June 11, 2009
(RNS) -- Megachurches are most attractive to younger adults, and almost all who arrive at their sanctuaries have darkened a church's door before, a new survey shows.
The study by Leadership Network and Hartford Institute for Religion Research, released Tuesday (June 9) found that almost two-thirds (62 percent) of adults who attend Protestant megachurches are younger than 45, compared to 35 percent of U.S. Protestant congregations overall.
Researchers found that just 6 percent of those attending a megachurch -- defined as a congregation attended by 2,000 or more each week -- had never attended a worship service before arriving at their current church. Almost half (44 percent) had come from another local church, 28 percent had transplanted from a distant congregation and 18 percent had not attended church for a while.
"It appears that megachurches draw persons who want a new experience of worship -- contemporary, large-scale, professional, high-tech," said Scott Thumma, co-author of "Not Who You Think They Are: The Real Story of People Who Attend America's Megachurches."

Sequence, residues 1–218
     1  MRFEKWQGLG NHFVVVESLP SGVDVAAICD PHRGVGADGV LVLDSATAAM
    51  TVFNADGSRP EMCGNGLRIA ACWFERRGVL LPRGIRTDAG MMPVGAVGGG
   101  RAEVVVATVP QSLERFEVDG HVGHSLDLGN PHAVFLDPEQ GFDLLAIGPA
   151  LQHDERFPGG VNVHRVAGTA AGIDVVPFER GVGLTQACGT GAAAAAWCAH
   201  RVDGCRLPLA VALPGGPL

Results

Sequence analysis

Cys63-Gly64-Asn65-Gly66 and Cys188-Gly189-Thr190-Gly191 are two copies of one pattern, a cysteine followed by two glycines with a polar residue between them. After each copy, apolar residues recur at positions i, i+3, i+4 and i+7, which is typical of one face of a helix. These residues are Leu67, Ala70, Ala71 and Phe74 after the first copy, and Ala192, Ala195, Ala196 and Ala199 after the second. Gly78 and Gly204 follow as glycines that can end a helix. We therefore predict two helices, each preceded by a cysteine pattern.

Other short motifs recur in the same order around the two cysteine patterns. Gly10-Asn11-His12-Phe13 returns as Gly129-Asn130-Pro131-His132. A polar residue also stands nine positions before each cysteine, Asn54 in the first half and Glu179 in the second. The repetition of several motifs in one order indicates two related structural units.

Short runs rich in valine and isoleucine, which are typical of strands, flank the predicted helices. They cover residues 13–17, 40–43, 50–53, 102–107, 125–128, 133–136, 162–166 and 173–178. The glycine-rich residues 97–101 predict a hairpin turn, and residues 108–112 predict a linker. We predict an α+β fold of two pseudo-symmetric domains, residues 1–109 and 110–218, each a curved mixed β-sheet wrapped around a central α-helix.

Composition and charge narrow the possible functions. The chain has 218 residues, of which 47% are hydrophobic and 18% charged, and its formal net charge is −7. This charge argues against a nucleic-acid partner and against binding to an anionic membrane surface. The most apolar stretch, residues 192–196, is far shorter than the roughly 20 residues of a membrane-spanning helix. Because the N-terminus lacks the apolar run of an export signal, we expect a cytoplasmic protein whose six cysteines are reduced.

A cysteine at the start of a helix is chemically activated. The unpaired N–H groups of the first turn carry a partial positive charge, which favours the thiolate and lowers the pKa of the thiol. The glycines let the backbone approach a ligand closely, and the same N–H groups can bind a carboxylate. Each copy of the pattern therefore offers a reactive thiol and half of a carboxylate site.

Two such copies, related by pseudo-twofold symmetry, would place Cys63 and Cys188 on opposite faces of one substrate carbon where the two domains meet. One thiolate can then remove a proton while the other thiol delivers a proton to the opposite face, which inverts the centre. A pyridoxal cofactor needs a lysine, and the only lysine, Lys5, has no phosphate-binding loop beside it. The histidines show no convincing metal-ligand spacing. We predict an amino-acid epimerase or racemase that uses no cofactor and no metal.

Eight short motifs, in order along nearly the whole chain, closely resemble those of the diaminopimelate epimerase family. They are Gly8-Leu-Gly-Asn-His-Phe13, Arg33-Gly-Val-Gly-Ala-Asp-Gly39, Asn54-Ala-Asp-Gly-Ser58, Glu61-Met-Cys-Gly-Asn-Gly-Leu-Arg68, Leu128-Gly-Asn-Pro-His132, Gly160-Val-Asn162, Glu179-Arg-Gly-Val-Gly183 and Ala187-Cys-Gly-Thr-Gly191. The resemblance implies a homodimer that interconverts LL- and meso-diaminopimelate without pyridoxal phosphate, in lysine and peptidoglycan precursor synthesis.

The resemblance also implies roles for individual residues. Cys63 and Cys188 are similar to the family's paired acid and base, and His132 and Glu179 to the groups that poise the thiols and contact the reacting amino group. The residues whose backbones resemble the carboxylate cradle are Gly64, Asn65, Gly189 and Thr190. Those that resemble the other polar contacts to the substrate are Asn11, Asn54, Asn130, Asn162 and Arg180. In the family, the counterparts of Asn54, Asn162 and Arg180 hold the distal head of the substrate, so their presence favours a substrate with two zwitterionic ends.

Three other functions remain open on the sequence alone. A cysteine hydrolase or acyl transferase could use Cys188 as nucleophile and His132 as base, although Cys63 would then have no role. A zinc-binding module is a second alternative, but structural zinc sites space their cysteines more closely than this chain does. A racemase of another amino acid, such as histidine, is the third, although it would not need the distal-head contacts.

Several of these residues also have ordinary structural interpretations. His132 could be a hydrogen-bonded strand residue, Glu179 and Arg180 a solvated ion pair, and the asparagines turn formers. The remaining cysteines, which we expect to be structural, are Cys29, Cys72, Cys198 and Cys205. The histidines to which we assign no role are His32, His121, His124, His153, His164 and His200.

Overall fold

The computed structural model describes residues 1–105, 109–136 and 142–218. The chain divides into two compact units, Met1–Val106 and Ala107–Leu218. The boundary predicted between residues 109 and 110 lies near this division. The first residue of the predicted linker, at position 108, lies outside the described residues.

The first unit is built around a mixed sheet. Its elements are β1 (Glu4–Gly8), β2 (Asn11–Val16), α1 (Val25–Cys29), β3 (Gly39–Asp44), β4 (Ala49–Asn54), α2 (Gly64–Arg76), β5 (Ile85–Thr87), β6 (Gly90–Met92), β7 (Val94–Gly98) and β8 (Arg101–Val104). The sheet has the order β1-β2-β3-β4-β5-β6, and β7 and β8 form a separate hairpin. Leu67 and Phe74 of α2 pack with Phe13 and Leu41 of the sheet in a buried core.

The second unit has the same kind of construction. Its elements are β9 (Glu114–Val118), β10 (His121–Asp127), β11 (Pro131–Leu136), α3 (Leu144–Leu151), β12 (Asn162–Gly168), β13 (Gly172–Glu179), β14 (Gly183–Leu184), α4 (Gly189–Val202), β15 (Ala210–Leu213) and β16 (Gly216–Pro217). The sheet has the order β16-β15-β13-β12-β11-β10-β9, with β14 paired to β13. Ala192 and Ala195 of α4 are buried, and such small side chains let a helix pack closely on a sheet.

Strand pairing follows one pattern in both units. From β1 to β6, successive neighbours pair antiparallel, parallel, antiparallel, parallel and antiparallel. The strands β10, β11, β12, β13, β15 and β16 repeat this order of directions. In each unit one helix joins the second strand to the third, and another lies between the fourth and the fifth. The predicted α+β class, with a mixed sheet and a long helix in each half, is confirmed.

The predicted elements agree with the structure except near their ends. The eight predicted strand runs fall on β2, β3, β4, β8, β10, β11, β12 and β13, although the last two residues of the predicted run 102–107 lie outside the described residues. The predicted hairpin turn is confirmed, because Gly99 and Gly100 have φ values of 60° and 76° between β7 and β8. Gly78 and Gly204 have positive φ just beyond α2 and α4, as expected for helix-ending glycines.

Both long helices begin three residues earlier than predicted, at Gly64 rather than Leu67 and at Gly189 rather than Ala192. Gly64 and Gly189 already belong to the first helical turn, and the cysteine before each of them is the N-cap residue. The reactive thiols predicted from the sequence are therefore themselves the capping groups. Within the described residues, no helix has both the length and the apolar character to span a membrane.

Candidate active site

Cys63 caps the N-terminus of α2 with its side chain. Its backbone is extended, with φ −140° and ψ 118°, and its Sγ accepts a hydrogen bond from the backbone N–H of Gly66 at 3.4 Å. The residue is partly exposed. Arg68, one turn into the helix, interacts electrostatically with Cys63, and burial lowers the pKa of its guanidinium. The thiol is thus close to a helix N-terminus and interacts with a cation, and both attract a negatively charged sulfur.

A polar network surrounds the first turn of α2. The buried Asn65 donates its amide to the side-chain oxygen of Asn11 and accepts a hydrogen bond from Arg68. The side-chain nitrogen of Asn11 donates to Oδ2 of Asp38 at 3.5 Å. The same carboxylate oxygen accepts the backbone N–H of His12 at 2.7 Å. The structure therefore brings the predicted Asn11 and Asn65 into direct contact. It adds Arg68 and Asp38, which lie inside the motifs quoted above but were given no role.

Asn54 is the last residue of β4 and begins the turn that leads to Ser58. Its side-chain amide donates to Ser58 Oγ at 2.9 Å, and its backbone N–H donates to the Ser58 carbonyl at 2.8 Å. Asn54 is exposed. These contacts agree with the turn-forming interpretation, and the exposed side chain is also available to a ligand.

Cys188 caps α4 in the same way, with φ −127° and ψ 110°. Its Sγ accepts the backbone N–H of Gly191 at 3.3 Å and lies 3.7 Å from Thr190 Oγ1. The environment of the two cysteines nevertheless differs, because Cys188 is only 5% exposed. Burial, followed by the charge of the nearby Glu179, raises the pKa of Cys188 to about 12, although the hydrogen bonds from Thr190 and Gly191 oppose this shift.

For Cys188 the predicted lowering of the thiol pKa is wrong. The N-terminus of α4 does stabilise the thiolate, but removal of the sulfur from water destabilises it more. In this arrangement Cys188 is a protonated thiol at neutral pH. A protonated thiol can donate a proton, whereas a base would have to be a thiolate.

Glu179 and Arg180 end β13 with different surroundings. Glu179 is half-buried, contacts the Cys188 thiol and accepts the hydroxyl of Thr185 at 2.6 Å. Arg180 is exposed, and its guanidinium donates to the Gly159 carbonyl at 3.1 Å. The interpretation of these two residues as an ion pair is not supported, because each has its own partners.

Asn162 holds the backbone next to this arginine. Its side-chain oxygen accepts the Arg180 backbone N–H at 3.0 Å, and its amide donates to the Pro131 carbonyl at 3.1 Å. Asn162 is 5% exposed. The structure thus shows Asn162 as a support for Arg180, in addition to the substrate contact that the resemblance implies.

"For the nearly 30 percent coming from a distant church previously ... they want a place to plug in immediately to a community, missions and small groups."
Thumma said he was surprised at how much megachurch attendees invite others to worship with them; just 13 percent said they had not invited anyone in the past year.
In comparison, a different survey by the Hartford Institute for Religion Research found that 45 percent of attendees of mostly mainline Protestant churches had not invited anyone in that same time frame.
"That is radically different from anything I have experienced in other churches," said Thumma, a sociologist of religion at Hartford Seminary, "and goes a long way to explain why these congregations are growing at such rapid rates."
The new study was based on responses to questionnaires by 24,900 attenders at 12 megachurches. Drawn from a possible total of 47,516, it had a 58 percent response rate, and was supplemented by researcher visits, interviews and staff surveys.
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